Few topics spur more controversy in Newton than increasing the housing stock. Most residents, it seems, support development of commercial properties, especially in abandoned industrial sites like the empty lots behind Needham Street. The prospect of raising tax revenues without increasing the city’s population makes sense. But if the project involves housing, then the battle lines are drawn.

On one side are the high-density advocates. At the heart of this approach is the belief that the post-war movement from cities to suburbs was a demographic and environmental mistake. It seems indisputable that if more people lived in apartment complexes near cities, and fewer in commuter suburbs with single-family dwellings, the stress on the environment and on infrastructure would be lessened. It is too late now, though, to undo suburbanization. We might, however, bring the process to a halt, and none can deny the existence of a housing shortage in Greater Boston.

Some residents will support any new housing simply because they believe that our population is aging and we need a younger demographic. Those who support mixed-income housing argue that Newton, like other suburban communities, has a moral obligation to create homes for lower and middle class families. Other residents, no doubt, oppose the very idea of creating high density housing here. They say that they love Newton for its less crowded, greener spaces, and they’d hate to see it become a traffic-choked extension of Brookline and Boston.

The rest of us lie somewhere in the middle of this dynamic debate. We’d like to see more lower and middle-income housing in Newton but are suspicious of the current approach to creating it: large housing developments with 15-20% of the units supposedly set aside for those of limited means. The problem is many-fold. First, the developers of these projects often demand that the city waive certain environmental and civic regulations or else, they argue, the projects will not be viable. Secondly, the vast majority of the units will be at market price, so expensive that only the affluent can afford to move to Newton…just like the McMansions replacing modest Capes and ranch houses around town. According to the 40b calculus, the rent for the set-asides comes to approximately $27,500 a year, or $2,300 a month. How many families of modest means can afford to pay that much?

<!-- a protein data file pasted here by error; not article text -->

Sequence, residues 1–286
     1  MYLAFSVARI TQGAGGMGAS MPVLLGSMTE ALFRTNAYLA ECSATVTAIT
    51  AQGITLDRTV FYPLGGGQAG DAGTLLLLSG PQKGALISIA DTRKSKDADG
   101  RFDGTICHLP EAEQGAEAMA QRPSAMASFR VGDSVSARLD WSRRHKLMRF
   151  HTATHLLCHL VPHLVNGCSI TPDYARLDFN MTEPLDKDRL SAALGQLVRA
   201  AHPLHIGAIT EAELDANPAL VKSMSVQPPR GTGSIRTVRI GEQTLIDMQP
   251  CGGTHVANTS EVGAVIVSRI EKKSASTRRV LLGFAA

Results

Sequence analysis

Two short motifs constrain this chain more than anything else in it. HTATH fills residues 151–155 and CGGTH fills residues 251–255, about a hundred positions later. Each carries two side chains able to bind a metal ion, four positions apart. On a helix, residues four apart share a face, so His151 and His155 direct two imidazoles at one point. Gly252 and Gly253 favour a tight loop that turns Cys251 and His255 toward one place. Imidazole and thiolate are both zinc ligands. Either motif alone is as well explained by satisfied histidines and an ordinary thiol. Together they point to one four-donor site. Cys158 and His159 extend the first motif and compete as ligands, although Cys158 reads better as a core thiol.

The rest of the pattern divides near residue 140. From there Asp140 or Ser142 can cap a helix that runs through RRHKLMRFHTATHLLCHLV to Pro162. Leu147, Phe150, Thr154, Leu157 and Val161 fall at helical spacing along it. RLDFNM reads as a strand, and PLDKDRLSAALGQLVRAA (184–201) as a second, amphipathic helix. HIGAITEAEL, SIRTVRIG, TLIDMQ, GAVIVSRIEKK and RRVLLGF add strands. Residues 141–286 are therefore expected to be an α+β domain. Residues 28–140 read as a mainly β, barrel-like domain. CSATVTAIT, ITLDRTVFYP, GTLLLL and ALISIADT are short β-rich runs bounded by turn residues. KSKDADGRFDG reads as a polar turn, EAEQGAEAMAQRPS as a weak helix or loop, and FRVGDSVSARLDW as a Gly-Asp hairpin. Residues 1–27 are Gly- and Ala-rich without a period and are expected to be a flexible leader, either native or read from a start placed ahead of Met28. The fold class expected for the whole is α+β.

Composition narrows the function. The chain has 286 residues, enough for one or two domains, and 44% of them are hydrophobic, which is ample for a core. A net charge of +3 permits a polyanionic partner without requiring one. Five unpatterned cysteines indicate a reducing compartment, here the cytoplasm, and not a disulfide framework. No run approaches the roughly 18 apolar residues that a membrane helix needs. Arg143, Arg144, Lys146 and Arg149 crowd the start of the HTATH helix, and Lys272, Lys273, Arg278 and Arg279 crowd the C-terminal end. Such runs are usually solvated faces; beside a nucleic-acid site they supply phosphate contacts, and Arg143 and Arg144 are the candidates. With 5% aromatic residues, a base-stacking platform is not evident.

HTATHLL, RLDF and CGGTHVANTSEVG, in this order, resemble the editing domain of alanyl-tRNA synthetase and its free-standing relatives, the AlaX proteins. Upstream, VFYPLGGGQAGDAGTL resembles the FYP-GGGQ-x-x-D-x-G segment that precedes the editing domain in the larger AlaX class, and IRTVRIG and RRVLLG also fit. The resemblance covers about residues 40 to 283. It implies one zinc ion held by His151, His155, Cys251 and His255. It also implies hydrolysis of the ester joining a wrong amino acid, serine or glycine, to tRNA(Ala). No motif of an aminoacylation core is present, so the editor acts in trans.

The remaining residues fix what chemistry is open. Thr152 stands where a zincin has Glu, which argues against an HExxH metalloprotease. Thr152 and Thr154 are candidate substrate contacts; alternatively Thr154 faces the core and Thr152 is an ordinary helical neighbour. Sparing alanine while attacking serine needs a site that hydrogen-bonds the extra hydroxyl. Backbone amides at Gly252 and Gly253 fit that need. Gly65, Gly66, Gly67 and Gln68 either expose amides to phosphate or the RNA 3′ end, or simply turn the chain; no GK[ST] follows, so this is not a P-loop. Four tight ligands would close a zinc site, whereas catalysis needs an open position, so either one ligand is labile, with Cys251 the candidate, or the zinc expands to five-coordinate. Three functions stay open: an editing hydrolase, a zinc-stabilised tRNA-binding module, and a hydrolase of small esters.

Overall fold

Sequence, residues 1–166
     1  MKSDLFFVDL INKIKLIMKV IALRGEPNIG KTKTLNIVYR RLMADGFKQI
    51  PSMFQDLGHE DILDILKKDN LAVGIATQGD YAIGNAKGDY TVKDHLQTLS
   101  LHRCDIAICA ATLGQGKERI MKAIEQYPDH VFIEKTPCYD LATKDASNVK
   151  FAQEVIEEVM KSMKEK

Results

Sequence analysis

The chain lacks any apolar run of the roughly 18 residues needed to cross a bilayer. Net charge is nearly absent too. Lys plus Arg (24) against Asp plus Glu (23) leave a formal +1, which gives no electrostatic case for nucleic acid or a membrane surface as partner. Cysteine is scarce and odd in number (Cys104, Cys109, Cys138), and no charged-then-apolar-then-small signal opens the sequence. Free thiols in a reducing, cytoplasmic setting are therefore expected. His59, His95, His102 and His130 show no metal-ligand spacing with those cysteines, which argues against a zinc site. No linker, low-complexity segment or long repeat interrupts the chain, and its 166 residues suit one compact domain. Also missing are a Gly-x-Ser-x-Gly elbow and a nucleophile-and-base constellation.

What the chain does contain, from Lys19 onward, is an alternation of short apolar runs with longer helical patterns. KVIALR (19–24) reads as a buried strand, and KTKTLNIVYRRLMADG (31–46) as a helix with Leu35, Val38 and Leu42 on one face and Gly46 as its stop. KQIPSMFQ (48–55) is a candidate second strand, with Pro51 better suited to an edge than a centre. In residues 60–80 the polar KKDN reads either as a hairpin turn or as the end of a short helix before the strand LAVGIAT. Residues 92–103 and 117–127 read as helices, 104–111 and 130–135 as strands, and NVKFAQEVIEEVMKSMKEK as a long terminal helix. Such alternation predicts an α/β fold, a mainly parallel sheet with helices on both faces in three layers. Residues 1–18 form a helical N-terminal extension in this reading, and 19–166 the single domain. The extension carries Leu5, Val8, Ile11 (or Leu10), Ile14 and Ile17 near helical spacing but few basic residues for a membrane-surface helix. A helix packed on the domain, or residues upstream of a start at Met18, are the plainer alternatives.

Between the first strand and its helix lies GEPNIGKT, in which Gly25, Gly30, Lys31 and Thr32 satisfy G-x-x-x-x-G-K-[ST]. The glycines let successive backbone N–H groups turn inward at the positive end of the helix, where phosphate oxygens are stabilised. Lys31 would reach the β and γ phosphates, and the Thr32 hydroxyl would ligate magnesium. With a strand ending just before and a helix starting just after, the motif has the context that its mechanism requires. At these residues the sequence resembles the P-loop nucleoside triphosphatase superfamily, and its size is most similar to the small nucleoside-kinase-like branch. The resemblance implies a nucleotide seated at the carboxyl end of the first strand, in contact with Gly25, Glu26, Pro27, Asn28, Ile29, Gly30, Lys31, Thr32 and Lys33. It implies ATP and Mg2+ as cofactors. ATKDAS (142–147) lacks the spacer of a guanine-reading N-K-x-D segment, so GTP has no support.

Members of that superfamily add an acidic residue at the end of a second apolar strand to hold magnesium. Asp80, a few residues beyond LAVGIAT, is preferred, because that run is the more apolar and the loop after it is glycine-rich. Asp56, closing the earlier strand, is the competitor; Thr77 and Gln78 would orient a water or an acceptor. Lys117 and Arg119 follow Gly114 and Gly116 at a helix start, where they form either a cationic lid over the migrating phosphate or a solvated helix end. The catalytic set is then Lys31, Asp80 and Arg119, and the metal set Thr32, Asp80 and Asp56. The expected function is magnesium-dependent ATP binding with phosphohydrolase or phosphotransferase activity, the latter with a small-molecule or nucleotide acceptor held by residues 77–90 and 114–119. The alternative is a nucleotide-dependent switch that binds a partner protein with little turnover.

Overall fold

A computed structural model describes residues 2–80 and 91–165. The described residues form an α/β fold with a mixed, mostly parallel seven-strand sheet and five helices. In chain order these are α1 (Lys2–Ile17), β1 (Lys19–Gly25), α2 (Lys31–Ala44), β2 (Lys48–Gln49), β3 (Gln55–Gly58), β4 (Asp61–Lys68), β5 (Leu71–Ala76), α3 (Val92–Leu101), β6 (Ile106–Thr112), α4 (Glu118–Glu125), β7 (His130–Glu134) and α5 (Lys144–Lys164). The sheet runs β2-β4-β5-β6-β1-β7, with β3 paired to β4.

Finally, if the city were to expand its population by ten thousand people, or up to 100,000 residents, then we would witness an influx of automobiles. In theory, better mass transit, including improvements to the T and the commuter rail, might encourage residents to rely less on their cars. Better public transit within the city would also help, as would safer bicycle routes. But these improvements, all of which I support, seem not to be in the cards in the short run if at all. In the meantime, as councilor Baker has pointed out, Newton’s residents will continue to rely on their automobiles, and as the population increases, the roads will grow more congested.

To create housing for lower income families, shouldn’t the public sector be involved? It once was, of course, but government now steers clear. As the late Marc Slotnick, a tireless Newton advocate for affordable housing, explained to me a few years ago, few municipalities want to be involved in constructing affordable housing anymore. We have to rely, he argued, on the private sector, for better or worse. Unfortunately, private developers, like all businesses, focus first and foremost on generating profit. Hence, even the supposedly affordable units, few in number, are beyond the reach of the very population for whom they are intended. In the end, the more housing we construct, be it McMansions or developments, the higher the median income in Newton will become, further increasing the rents for those set-aside units. So it goes.

As you have surmised, there are no good guys and bad guys in this debate, only a difficult set of challenges to overcome if the city truly wants to maintain, let alone increase, its (less and less) diverse housing stock. I wish I knew a solution that would satisfy both the preservationists and the high-density folks, both those seeking greater tax revenues and those desiring a more economically diverse community. Any ideas out there?

 

 







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